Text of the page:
Five Credit Score Killers and Boosters

Most people know that paying your credit cards late can wreck havoc on your credit score, but there are many other less-known ways to harm (and help) your credit. Here are five things that can damage your credit, and five things that can raise your score.

Five Credit Score Killers

1. Paying Late – Paying a bill, especially a credit card, late, can stay on your credit score for up to seven years. The good news is most card companies won’t report you late unless you’re really late – 15 or 30 days or more – or if you are consistently late.

2. Being Maxed Out – If you are at or near your credit limits on all of your revolving credit accounts, your credit score is going to plummet.

3. Applying for Too Much Credit – Every time you apply for credit, an inquiry appears on your report for at least six months, and up to two years. More than two inquiries within six months will hurt your score.

4. Changing Addresses – Moving can actually lower your credit rating temporarily, as can changing employers. If you are applying for credit and have moved or changed jobs within the last year, include your previous address or employer on the application.

5. Not Enough Credit – Your credit score is based, in part, by how long you have had credit, and how much. If you have paid faithfully for five years, but only have one credit card with a $1,000 limit, your credit score is not going to be as high as if you had two or three accounts with a combined limit of $10,000.

Five Credit Score Boosters

Besides paying on time, every time, here are some other ways to improve your credit score.

1. Mix Up Your Accounts – Your credit score will be higher if you have an appropriate mix of fixed-term loans (like a student loan or auto loan), and revolving accounts (like credit cards). Two to three of each is perfect.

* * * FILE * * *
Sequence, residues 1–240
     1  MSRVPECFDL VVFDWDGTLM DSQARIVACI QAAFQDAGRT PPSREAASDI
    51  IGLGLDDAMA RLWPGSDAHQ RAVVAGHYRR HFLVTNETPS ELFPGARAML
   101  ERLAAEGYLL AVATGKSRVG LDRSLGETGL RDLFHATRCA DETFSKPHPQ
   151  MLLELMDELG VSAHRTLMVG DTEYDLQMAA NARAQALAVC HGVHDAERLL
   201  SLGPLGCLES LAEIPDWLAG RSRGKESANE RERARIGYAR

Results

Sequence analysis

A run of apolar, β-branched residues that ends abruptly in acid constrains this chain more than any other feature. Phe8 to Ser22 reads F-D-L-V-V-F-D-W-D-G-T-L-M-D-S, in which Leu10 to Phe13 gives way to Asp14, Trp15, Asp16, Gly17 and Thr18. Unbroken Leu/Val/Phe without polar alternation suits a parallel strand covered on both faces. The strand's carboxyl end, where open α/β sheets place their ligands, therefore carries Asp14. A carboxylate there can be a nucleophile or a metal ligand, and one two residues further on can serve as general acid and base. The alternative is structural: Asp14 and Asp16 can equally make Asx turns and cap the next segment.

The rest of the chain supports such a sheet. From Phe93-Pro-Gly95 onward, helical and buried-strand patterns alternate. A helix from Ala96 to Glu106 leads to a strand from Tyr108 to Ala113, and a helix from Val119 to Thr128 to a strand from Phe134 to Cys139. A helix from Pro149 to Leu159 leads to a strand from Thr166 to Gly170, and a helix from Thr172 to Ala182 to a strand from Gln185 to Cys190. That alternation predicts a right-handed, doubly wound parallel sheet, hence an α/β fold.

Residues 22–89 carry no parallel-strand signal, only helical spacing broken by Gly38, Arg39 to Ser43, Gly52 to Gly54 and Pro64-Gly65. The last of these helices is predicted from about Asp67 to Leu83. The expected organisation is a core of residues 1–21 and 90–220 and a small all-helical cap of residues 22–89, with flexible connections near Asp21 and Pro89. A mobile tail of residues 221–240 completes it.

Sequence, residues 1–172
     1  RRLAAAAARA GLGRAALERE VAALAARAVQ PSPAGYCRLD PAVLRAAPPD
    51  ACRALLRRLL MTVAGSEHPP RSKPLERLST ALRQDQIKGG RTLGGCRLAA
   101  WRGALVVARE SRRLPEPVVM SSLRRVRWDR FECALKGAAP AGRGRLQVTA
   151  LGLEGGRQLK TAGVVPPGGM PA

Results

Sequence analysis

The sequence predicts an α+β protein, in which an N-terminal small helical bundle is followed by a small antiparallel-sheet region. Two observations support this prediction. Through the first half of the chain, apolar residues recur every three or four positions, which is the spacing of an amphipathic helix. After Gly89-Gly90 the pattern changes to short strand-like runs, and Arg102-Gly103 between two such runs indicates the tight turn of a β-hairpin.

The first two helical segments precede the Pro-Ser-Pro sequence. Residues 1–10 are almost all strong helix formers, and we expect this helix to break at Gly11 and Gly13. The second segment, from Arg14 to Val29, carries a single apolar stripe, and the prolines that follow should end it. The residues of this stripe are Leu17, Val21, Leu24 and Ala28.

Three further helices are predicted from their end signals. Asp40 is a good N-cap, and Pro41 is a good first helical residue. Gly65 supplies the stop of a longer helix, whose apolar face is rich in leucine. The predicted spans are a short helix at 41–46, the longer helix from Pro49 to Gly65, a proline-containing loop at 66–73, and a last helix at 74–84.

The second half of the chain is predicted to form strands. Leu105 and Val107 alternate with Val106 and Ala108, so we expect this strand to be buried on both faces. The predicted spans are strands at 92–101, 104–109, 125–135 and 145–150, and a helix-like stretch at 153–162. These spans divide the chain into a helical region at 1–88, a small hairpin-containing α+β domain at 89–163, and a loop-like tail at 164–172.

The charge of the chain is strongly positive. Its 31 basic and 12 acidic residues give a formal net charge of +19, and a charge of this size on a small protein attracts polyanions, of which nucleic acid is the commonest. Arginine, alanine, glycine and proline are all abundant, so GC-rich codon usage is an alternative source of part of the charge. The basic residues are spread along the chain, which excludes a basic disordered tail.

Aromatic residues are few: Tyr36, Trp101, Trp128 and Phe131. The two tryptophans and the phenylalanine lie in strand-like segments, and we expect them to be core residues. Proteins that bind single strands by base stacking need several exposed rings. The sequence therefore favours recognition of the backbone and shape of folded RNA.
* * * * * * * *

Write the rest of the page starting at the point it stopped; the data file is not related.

2. Keep Old Accounts Open – Even if you don’t use the first credit card you got five years ago, don’t close it out. Your credit history is only as long as your oldest account, so closing an old credit card can actually harm your credit.

3. Get Higher Limits – Ask your credit card companies to raise your credit card limits. No, not so you can go on a shopping spree, but so your available credit increases and your utilization ratio decreases.

4. Co-Sign a Loan – Okay, this one is a bit risky, but if you have the opportunity to co-sign a loan for a trusted family member, and you can monitor them to ensure the loan is paid on time, this can add another good account to your credit history.

5. Pay It Off – Nothing boosts your credit score like getting rid of debts and lowering your utilization ratio to below 20%. If you are working on paying down your debts, you should see your credit score go up almost every month!

Published or updated on April 9, 2008

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About David Weliver

David Weliver is the founding editor of Money Under 30. He's a cited authority on personal finance and the unique money issues we face during our first two decades as adults. He lives in Maine with his wife and two children.

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